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Environment, future of companies take back seat to creditors in oil well case

|Written By Jennifer Brown

It’s being viewed as a win for the banks but a loss for insolvent oil companies and the environment.

The court ruled a trustee in bankruptcy could disclaim its interest in certain licensed properties and was not bound by oil and gas well abandonment orders issued by the AER. (Photo: Todd Korol/Reuters)
Alberta Court of Queen’s Bench Chief Justice Neil Wittmann ruled last week in favour of insolvent Redwater Energy and against requirements around dealing with non-performing oil wells in an insolvency situation.

In the May 17 decision, Wittmann decided in favour of Grant Thornton Ltd., the bankruptcy trustee in the Redwater Energy Corp.’s receivership and bankruptcy proceedings, upholding its right to “disclaim” Redwater’s non-producing oil wells and sell its producing wells.

Redwater was a junior oil and gas producer that went into insolvency in the spring of 2015. It owed its bank, ATP Financial, about $5 million.

Upon appointment, the receiver conducted an assessment of Redwater’s assets and advised the Alberta Energy Regulator that of the 91 wells to which Redwater held licences, it would only be taking possession of 20 wells, facilities, and associated pipelines.

It was a case being watched closely by those in the oil sector — especially the banks.

At issue was whether the provincial regulatory regime under the Oil and Gas Conservation Act and the Pipeline Act conflicted operationally with the federal Bankruptcy and Insolvency Act.

Wittman looked to the Supreme Court of Canada’s 2012 decision Newfoundland and Labrador v. AbitibiBowater  to decide if it is something that in fact falls within the jurisdiction of the federal legislation.

The decision dismissed the application of the AER and Orphan Well Association, which argued Grant Thornton should have to carry out the abandonment, reclamation, and remediation obligations of Redwater’s non-producing wells, or perform abandonment orders as issued by the AER, which included paying a security deposit.

The implications of this decision for the Alberta oil and gas industry are far-reaching, says Melanie Gaston, a partner with Osler Hoskin & Harcourt LLP in Calgary.

“Typically a receiver takes the less profitable wells or those that require decommissioning and sells them as packages. Now, with this decision, it’s clear that doesn’t need to happen. They can go in and pick the good, producing wells and leave the non-profitable ones,” says Gaston. “If I’m an oil company and I’m restructuring what I’m left with post-restructuring is not necessarily all that helpful.”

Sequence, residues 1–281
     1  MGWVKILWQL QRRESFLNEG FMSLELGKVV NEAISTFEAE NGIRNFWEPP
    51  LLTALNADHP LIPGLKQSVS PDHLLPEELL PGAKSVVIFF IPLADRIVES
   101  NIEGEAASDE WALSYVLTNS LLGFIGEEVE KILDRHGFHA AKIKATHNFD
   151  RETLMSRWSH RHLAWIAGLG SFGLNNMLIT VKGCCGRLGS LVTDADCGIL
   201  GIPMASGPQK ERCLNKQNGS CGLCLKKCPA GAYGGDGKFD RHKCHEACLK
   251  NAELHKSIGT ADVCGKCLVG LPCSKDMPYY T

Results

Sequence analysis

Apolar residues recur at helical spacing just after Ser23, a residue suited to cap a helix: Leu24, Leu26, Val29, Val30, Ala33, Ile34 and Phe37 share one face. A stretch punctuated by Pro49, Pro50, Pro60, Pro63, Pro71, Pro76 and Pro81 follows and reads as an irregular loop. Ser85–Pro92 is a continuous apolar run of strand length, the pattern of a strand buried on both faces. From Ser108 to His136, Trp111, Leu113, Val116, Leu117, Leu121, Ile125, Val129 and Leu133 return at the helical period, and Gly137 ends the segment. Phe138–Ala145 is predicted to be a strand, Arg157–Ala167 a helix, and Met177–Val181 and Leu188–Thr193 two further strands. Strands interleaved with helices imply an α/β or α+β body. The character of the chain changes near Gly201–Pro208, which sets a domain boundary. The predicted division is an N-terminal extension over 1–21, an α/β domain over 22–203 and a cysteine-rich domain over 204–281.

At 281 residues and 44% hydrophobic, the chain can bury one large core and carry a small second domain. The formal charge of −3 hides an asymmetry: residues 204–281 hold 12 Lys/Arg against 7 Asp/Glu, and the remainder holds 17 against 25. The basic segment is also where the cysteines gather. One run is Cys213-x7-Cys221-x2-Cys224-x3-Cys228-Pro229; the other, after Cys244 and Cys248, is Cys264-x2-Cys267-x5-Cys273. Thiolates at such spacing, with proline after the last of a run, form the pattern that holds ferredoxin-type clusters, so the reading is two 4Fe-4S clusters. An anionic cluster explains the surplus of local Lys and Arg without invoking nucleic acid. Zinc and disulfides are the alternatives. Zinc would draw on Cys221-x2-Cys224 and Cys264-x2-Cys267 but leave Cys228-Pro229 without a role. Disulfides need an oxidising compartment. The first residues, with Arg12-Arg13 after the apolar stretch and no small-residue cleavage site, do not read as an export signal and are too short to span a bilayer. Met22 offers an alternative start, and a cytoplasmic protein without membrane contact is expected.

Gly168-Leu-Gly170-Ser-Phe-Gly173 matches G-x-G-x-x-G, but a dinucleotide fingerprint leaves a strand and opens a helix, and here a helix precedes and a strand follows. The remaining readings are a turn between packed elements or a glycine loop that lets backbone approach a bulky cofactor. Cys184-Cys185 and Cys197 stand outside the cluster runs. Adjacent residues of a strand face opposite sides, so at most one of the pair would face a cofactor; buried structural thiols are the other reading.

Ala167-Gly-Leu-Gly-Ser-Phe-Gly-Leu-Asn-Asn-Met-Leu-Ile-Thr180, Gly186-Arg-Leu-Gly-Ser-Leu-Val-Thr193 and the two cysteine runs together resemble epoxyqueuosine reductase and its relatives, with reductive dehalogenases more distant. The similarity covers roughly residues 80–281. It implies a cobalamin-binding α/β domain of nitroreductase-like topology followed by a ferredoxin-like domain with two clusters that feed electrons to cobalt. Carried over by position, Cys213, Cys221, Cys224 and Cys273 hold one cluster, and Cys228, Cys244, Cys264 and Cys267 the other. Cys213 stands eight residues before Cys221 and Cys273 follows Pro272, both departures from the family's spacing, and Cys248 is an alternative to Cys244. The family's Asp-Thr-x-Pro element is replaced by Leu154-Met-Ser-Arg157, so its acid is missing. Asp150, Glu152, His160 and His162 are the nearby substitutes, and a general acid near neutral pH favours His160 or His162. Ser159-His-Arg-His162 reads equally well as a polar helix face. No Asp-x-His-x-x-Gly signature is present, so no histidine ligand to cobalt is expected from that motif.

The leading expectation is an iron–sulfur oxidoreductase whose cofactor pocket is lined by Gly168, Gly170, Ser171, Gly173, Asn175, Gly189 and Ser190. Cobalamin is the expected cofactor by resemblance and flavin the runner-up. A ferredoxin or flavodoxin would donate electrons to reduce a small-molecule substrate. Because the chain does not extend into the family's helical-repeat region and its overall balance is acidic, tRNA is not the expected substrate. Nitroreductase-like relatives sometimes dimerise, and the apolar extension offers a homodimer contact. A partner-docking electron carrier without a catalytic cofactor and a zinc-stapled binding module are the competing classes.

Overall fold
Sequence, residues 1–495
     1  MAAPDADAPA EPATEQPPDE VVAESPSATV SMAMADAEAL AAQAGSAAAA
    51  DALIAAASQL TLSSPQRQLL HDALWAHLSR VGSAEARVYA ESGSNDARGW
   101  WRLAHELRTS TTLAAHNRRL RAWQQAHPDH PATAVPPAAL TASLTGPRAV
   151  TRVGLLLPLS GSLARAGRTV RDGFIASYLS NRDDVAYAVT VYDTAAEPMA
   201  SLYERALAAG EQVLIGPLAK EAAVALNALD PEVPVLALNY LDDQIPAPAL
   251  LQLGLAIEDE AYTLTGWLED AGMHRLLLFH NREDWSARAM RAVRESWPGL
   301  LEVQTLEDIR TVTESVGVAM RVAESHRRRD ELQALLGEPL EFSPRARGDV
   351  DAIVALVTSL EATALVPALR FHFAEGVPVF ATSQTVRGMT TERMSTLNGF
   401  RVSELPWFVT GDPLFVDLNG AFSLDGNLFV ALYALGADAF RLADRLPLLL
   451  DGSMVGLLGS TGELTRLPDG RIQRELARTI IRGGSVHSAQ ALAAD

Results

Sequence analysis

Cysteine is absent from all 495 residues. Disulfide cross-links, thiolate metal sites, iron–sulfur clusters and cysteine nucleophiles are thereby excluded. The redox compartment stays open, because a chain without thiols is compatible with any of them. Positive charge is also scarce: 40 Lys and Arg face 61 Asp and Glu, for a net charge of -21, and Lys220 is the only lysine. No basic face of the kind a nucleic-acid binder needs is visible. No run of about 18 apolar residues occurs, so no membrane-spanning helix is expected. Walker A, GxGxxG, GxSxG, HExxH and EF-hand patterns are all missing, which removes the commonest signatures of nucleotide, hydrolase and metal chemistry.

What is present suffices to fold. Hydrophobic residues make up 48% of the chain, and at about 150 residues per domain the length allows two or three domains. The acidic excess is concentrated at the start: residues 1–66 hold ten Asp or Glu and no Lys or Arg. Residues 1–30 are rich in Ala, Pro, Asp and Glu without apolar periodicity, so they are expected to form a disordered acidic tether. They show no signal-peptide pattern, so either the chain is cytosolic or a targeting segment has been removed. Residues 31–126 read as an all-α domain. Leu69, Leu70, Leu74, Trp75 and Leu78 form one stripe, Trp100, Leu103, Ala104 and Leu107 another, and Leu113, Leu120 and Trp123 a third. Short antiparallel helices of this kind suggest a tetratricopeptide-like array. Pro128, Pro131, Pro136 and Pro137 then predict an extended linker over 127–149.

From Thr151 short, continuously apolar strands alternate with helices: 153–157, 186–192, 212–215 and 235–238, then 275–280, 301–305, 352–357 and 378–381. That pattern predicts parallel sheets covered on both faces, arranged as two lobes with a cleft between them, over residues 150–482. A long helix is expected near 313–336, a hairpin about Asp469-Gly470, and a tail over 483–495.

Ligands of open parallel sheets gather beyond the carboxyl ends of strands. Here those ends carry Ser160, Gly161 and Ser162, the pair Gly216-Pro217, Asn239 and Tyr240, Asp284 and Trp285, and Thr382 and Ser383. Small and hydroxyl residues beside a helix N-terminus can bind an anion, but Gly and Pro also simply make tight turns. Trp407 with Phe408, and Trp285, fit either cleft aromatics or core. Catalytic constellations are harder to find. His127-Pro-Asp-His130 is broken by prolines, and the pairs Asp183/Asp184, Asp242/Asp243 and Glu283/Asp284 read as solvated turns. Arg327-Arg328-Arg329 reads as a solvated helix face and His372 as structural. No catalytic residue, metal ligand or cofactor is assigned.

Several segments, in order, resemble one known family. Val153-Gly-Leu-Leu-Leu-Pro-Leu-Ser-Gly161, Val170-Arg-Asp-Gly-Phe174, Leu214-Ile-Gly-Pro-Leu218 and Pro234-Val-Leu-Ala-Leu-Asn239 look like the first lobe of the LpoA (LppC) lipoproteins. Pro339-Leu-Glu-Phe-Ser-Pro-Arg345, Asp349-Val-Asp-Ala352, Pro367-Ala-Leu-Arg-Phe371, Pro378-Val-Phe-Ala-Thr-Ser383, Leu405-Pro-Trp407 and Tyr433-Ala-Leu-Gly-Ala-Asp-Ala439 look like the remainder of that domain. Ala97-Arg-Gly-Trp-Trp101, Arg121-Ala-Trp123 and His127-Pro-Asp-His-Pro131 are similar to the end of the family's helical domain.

The question now becomes how to fund dealing with the non-producing wells of companies in an insolvency position. The court’s decision may lead to a dramatic increase in the number of wells determined to be “orphaned” by the AER. This will undoubtedly increase pressure on industry to fund the completion of work to abandon and remediate such wells, and on the boards of directors who serve companies in the industry.

“With these decisions the regulator is in a tough position because it will now be burdened with, potentially, exponentially more wells to manage with the Orphan Well Fund,” says Gaston.

If the legislation remains the same, the regulator will be left to find other sources of funding to manage it — possibly an increased levy on the oil companies already hurt by low prices and the fires in Fort McMurray, or approaching the government for an injection of funds from the taxpayers — just another hit for Albertans.

“The oil companies are now going to be challenged by what happens to them because it does give them some uncertainty. Is the AER, through the Orphan Well Fund, now going to increase levies so they have to pay more and therefore essentially support other players in the industry without having the necessary liquidity to do that right now?”

The court’s decision (which is not yet been posted publically) does however provide certainty to secured lenders that the priority is maintained over their interests.

“This certainty should result in continued access by the oil and gas industry to readily available credit,” Gaston wrote in a post last week about the decision.

Gowling WLG and Cassels Brock LLP served as co-counsel to Grant Thornton throughout the proceedings. They were not available for comment at time of posting.

It is expected an appeal will be launched.

  • Obviously an appeal, and

    Albin Foro
    beyond that some clarifying legislation. Taxpayers shouldn't be on the hook for saving sophisticated lenders to junior oilcos with 0nly 22% of their wells performing.

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